Sometimes, a lack of success can be an opportunity in disguise. No one knows this better than David Rice ’08.
David was a basketball player. In the 8th grade, he tried out for Edgemont’s team and was cut. After being turned away from his sport of choice, he decided to give wrestling a try, a sport he had no experience in.
“I was actually worse in wrestling than I was in basketball,” David recalls.
David began his wrestling at Edgemont on their modified team in the 8th grade. Practices were a struggle, as he had little knowledge of the sport and also lacked the strength and confidence that wrestlers depend on. His debut on the mat ended abruptly as he was suffered an elbow injury in his first match and was out for the remainder of the season.
“For whatever reason, the next year I decided to still go through with it.”
David found himself starting on the Panther’s varsity squad at the 103 lb weight class. How was this transition made? “We didn’t have anyone else wrestling at the class that year,” Coach Jacobson remembers, “He basically had no choice but to step in for us.”
The results were to be as expected for such an inexperienced wrestler. David did not pick up a single victory that season.
His record did not improve during his sophomore year because he was not competing as a starter.
“It was tough going from modified and being thrown right into varsity,” David admits when thinking back. “I was already behind on modified and now I had to try and play catch-up at the varsity level.”
This seemingly impossible task could scare away an athlete with little connection to his sport.
David saw things a little differently.
“There was still something about it that kept me going.” That certain thing was taking advantage of the opportunity to improve off the mat. “I decided to really take to the lifting program Coach Pete [Jacobson] had and I went to the open mats to get better. “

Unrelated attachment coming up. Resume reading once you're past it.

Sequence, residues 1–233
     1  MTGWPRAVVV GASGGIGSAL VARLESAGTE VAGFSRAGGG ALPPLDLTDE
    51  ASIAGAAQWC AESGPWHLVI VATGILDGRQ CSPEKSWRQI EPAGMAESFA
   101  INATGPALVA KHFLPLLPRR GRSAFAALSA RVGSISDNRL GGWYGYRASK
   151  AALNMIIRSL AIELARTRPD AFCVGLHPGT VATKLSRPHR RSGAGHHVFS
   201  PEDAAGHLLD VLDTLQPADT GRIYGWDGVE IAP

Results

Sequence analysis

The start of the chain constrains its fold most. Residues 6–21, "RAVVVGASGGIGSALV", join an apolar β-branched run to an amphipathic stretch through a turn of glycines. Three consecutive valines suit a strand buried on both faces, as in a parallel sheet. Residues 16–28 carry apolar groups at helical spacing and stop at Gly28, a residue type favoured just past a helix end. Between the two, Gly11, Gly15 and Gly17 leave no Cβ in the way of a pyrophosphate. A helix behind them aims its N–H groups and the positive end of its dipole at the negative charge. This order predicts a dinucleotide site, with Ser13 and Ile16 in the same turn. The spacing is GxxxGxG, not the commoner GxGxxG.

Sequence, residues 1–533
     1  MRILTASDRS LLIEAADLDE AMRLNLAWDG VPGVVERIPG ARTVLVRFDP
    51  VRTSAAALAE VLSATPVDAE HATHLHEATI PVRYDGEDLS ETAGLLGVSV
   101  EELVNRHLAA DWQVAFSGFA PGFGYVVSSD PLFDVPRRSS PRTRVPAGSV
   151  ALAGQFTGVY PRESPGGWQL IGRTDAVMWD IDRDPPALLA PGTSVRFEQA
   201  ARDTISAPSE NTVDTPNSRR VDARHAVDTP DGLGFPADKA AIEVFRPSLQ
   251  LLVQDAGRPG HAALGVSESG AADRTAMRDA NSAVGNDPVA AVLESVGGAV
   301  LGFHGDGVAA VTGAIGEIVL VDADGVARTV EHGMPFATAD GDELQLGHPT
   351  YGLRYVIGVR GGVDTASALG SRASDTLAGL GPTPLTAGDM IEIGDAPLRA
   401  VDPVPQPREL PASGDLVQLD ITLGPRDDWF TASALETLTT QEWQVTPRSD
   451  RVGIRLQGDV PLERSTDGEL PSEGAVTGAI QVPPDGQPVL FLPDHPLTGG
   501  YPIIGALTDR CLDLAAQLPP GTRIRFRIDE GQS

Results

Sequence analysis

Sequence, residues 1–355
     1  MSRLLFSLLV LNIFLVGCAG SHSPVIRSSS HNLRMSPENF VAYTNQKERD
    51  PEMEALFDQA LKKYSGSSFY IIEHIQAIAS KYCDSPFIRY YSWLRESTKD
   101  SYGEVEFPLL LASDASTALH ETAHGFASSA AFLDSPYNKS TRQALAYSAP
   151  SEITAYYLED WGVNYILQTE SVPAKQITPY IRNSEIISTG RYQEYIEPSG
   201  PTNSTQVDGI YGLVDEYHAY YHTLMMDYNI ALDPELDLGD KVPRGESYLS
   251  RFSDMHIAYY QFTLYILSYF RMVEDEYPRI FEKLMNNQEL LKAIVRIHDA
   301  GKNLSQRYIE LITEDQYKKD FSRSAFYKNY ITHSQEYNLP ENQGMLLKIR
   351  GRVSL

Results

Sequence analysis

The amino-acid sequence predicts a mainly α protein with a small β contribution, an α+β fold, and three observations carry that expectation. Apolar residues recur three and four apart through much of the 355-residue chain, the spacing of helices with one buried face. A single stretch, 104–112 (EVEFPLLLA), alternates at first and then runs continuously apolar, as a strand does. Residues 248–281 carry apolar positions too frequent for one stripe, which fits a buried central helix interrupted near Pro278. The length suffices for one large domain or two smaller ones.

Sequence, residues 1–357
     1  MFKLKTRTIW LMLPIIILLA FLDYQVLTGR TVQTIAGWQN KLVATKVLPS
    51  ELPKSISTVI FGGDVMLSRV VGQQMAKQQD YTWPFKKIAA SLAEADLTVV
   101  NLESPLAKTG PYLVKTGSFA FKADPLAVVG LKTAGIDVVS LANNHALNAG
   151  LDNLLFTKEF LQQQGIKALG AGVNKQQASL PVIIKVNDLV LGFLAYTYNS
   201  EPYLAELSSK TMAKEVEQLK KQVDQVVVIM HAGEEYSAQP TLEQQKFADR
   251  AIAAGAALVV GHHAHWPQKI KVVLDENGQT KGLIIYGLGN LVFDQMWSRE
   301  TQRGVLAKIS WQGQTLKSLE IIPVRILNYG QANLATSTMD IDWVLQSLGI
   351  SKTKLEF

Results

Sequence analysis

His junior year saw David finish at around an even win-loss record. Coach Jacobson attributes that to his dedication off the mat. “He kept training hard. He really believed in himself when no one outside our room really did.”
The summer before his final season at Edgemont was David’s turning point. He had been training hard and had attended elite wrestling camps. But he attributes what happened that season to another offseason activity.
“Coach Pete got me and a couple of others to write goals for ourselves before the season. At the time all I thought about winning Sections and being named All Section. I never thought about States. But coach helped me think about the bigger picture. If I believed and put the time in at practice, and had that State Championship in mind, come senior year, this really was the difference.”
David would go on to win the Section Title in a thrilling double overtime match against a rival from his summer training. David admits, “He beat me up all summer. It was a great feeling to get that win.”
Aside from his victory on the mat, David was voted Most Outstanding Wrestler of the entire tournament at any weight class.
His success at the Section Tournament allowed David to accomplish his overall goal: wrestling at States. With his 6th place finish, David became Edgemont’s third ever All-State Wrestler.
David continued his wrestling career at NYU. As he did in his early days at Edgemont, David faced adversity in his first two seasons and was injured during his junior season. After being granted an additional year of eligibility, David returned from injury and wrestled hard, beating several top ten ranked wrestlers. This resulted in a top 3 national ranking at the end of his junior year, and a national rank of 8th during his senior season.
“I’m in a tough weight class now, I’m top ten in the nation but haven’t been able to make it to nationals. It stings but I have learned to roll with the punches in times like this.”
“This was obviously a huge disappointment for him,” Coach Jacobson observed. “But he made his entire career out of achieving successes that no one other than himself and his coaches thought were possible.”
A setback like this does not get in David’s way these days. His secret? A practice he learned before his senior season.
“When I have a goal in mind now I always make sure I write it down. If it is something long term, I will have sub-goals, but it always helps to have it written down and to see that goal every day. When I’ve been studying forever and just beat down with schoolwork, that wrestling mentality has helped me get over that, makes me feel like I’ve done harder things. I have Edgemont to thank for that.”